At least this rail plan didn't destroy dozens of business and cause a huge increase in pollution and lost productivity due to years of traffic tie-ups, as the light plane would surely have done.

The huge expense and very long implementation time of the Leander line just prove that the rejected light rail plan would have been a disaster of Biblical proportions.

Isn't some urban jewelry better than no urban jewelry?

Mike, I cry a little bit for you every time I read one of your transit posts, and then I laugh with glee at the thought of the FIVE NEW LIGHT RAIL LINES we'll have in Houston in 5 short years. My house will be about a quarter of a mile from one line, 3/4 of a mile from another, and 1 mile from a third. Houses are still cheap in the neighborhood, buddy. . .but they won't be for long, when people realize it's the best-connected area in the city. So you better move here fast! Oh, and I lived in Austin for the past two years, and it's great and all - but it's not THAT much better than Houston (and every year it's looking more and more like our favorite old sprawl-city).

Jim,

Destroy dozens of businesses? Years of traffic tie ups?

Couldn't you say that about pretty much any major transit project, road or rail?

In my observation, in practice, the installation of reserved-guideway lightrail on arterials causes no more disruption than typical surface arterial reconstruction. Just look at Houston's rail construction. And for road disruption sans rail, just look at 45th street's reconstruction.

Plus, in the case of the light rail plan, I do believe several significant sections would have built at the time some surface roads were being resurfaced anyway.

Ian,
Alas, I fear the greater Austin area in the long run is actually more on track to look like 1980s LA than Houston. In attitude and development.

Jim,

It's not urban jewelry at all, even if we were to accept your contention that there were no real benefits. Like most suburbanites, you apparently think nobody works downtown, or at UT, or at the Capitol (you probably also think the buses are empty). Take a trip down here someday; it'll open your eyes.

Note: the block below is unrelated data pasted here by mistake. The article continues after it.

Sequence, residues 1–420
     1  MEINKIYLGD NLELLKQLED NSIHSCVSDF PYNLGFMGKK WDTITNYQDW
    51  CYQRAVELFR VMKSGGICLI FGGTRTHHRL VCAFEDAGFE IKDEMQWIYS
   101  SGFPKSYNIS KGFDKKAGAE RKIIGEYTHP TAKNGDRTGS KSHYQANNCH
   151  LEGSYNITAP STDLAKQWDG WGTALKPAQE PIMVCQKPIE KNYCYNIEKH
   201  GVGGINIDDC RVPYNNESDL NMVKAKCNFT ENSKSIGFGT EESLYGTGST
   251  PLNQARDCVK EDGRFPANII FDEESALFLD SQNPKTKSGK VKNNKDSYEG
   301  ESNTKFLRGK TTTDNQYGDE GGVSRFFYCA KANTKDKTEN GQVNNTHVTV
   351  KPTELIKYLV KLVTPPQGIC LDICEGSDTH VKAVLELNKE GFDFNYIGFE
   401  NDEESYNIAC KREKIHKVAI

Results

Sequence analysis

I ask only because I don't know, only being an Austinite for 2 years now:

Is there truly no chance of the city re-considering a light rail line that runs down Guadalupe, past campus, the Capital, and downtown, and into South Austin on S. First? I know it was rejected in 2000, but is it possible that it could ever be re-considered as an additional line? Or would CapMet consider it too "similar" to the commuter rail we're about to build that doesn't connect any of those places, or go south?

A purely in-street line would be a nearly impossible sell for Federal dollars, without which we have no shot (Houston built their small starter purely in-street line with their own dollars, but they had more money to work with and a huge park-and-ride that wasn't all the way out in the suburbs).

An in-street line down Guadalupe and S 1st like that would cost around a billion, I'd guesstimate, which is about ten times as much as Cap Metro could fund without federal help.

Hey Ian,

What neighborhood are you in? We have actually been talking about leaving Austin for Houston, something that would have been unthinkable a few years ago....

Curious to see your take on this fairly big news:

http://www.statesman.com/news/content/news/stories/local/10/26/1026capmetro.html

I wrote Wynn and McCracken this morning after the Chronicle piece (less info) and am giving them a bit of time to respond before I write anything, because I don't want to mischaracterize the plan (trying to be fair), but I'm only going to wait until mid-afternoon.

ccosart -- Eastwood, a couple miles east of downtown, just north of the University of Houston. Here's the neighborhood website: http://www.eastwood-houston.com/photo_tour_eca1.htm

But heck, now it looks like the possibility of rail is being reintroduced into Austin! You may want to wait awhile to see how that pans out!